Need Help?

Allan designs and plants flowering gardens in Montreal, Zone 5 [USDA Zone 4] .

See website, design work and favorite flowering plants at

Consultation and coaching for do-it-yourselfers is provided. Occasional emailed questions are welcome and answered free of charge. Oui, je parle francais.

See my work on Pinterest at Garden Guru Montreal

« Annuals for Perennials | Main | Annuals for Perennials »

Be Prepared: Handy Gardening Tools.

Here is a list of what flower gardeners keep in their tool sheds.

1] Trowel: This is a small hand tool used for digging holes for bulbs, annuals and young perennials. If you don’t own a specific tool for digging out weeds, this will make a good temporary substitute. Always select a trowel with an ergonomically shaped handle that allows the strongest arm muscles to do the work while keeping the joints in a natural position. If you suffer from arthritis, select a trowel with handles that are wider than normal [about 1 3/8 inches in diameter].

2]  Short - Handled Spade: A square shaped spade, with a D-shaped handle  that can be used for edging, digging holes for plants, trees and bushes and for digging up perennials.

3] Long - Handled, Round - Pointed Shovel: For digging compacted soil, slicing through roots and for digging out deeply set plants.

4] "Toolstep" or "Trenchfoot."

This is a new product that slides over the spade handle to rest on the head of the blade to form a wider step. The additional width lessens the stress on the sole and arch of the foot when pushing down on the blade. This product is useful if you plan to do a lot of digging. Sold as "Trenchfoot" in the U.S.A., it is available online from the Garden Gate Magazine Store. In Canada, it is known as "Toolstep" and is available online from Lee Valley Tools.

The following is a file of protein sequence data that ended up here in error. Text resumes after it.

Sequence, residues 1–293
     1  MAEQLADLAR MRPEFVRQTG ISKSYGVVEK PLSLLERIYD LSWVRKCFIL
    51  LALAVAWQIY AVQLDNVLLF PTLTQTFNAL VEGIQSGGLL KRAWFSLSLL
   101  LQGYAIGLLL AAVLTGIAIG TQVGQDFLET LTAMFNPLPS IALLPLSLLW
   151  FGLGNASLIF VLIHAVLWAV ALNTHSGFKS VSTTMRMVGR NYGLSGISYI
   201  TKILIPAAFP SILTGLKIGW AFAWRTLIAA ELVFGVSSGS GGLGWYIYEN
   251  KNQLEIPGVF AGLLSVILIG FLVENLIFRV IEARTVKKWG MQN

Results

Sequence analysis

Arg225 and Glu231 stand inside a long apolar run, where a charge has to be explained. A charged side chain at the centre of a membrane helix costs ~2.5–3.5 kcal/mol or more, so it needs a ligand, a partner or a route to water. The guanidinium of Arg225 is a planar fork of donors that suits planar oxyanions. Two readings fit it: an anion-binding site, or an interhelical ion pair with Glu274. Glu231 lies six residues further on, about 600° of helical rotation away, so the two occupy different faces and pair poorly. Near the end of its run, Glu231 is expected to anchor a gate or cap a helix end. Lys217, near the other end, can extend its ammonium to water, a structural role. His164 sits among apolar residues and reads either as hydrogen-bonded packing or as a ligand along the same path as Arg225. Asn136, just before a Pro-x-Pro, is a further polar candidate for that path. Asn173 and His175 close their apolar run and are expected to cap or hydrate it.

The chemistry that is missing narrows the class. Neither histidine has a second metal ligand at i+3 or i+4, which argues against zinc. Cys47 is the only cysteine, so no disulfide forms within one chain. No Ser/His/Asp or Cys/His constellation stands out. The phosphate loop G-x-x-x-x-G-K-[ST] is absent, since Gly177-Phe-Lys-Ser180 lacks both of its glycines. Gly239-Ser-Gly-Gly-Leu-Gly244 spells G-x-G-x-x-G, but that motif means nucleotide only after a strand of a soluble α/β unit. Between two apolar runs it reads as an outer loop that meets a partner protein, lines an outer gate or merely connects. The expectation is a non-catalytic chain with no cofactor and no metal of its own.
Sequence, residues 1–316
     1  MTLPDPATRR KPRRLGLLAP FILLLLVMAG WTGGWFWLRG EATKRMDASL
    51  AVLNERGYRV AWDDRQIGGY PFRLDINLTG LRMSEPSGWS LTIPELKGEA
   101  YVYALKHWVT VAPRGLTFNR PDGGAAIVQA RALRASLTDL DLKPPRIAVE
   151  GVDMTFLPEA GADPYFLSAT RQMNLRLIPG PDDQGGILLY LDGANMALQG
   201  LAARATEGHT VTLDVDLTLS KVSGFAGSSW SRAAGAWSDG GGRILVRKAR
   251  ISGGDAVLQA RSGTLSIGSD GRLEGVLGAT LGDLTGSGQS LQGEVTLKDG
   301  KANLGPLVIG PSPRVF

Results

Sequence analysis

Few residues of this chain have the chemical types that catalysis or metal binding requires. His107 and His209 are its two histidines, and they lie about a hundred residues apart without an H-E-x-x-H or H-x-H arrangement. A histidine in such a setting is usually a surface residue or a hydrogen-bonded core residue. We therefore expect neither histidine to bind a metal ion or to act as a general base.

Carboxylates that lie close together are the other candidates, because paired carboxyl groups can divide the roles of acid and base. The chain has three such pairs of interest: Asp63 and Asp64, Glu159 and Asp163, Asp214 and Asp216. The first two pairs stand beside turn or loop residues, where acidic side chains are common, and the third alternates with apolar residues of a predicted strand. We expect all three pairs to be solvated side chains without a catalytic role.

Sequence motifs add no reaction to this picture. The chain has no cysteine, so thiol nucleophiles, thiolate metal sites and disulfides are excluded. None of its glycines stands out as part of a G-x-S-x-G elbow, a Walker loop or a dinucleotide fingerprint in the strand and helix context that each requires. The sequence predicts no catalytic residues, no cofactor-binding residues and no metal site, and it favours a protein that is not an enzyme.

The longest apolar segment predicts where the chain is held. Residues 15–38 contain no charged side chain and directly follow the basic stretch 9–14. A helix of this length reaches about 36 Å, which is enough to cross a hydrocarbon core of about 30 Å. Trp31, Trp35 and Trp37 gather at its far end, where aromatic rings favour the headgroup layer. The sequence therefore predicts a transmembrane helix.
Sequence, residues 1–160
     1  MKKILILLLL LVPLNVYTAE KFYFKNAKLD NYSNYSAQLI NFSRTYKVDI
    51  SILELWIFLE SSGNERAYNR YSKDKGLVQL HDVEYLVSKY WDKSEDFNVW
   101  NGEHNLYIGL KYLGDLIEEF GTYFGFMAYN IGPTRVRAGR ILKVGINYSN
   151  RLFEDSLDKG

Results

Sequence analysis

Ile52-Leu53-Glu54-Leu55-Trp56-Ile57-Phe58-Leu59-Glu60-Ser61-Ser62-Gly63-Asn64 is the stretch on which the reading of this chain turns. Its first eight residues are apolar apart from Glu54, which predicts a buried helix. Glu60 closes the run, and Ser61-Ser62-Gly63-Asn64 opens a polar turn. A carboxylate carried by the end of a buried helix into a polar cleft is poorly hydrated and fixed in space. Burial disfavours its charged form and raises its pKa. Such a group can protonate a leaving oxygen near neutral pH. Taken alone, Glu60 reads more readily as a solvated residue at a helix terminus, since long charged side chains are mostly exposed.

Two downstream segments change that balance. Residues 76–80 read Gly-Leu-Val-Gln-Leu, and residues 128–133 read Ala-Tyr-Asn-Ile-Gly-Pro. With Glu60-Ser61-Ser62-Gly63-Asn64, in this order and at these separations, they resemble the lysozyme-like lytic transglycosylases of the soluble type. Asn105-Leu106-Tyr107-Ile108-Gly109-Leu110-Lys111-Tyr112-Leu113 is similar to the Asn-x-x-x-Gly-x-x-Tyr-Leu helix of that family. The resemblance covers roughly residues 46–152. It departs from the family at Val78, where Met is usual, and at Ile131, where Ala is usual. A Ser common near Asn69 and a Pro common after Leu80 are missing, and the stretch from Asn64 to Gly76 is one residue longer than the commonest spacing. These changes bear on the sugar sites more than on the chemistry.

5] Bypass Hand pruner: A pruner is used to deadhead flowers, trim stems, stalks and branches and to cut flowers for indoor use.This is a multipurpose tool and a most important one for keeping a perennial garden tidy. Look for ergonomically shaped handles that are coated in plastic to create a comfortable grip.

6] Weeder: A weeder may be a long or short-handled tool for digging up weeds. This tool is available in many models, some dating back to the Middle Ages. Choose whatever style appeals to you because there is no ultimate weeding tool. Hard packed soil makes weeding difficult so moisten or aerate the earth before starting that chore.

7] Wheelbarrow: Transporting shrubs, tools and earth is hard work. Lighten the load by using a wheelbarrow. Your back will thank you.

8] Garden Hose: The hose should be long enough to bring water to the farthest point of the garden.

9] Adjustable Hose Nozzle: Newly planted vegetation and freshly sown seeds need watering. Ideally, a watering can is best because it delivers water gently. However, a hose, adjusted for low water pressure and attached to a nozzle that is tuned to a fine mist, works just as well and requires less effort.

10] Gardening Gloves: Gloves keep hands and fingernails clean, prevent the formation of hand callouses and protect hands from thorns. Rugged gloves are best for digging with a trowel, shovel or spade but they do not allow for fine work such as planting seedlings. Soft leather gloves made from goat skin or pig skin mold to the hand and allow full use of fine motor skills. They are not easily found and are usually sold in women’s sizes only. Don’t give up the search! Once you’ve tried them, you won’t want to wear anything else on your hands.

11] Kneeling Pad: Something must come between the ground and your kneecaps. A flat spongy kneeling pad is more comfortable than wearing knee pads.

Quality of Tools: Buy the best quality that your budget allows. Better tools last longer and make work easier.

PrintView Printer Friendly Version

EmailEmail Article to Friend

Reader Comments (1)

I purchased your #5 item "trench foot" My first time using it was to dig a sizable trench. It was a bit easier to make the edging slices, more accurate positioning and easier to force the blade at a consistant angle. When it came to digging past the spade's depth the step got in the way.

I recall having pain in my knee for quite sometime afterward. I do not suffer instep pain so a plain shovel is alright for me. Perhaps I should give the product another try for edging and transplanting. I would not recommend this for your work horse digging projects.

For me it caused pain in my knee, Perhaps for someone who already suffers pain on the underside of the foot

February 3, 2013 | Unregistered CommenterSheila

PostPost a New Comment

Enter your information below to add a new comment.

My response is on my own website »
Author Email (optional):
Author URL (optional):
Some HTML allowed: <a href="" title=""> <abbr title=""> <acronym title=""> <b> <blockquote cite=""> <code> <em> <i> <strike> <strong>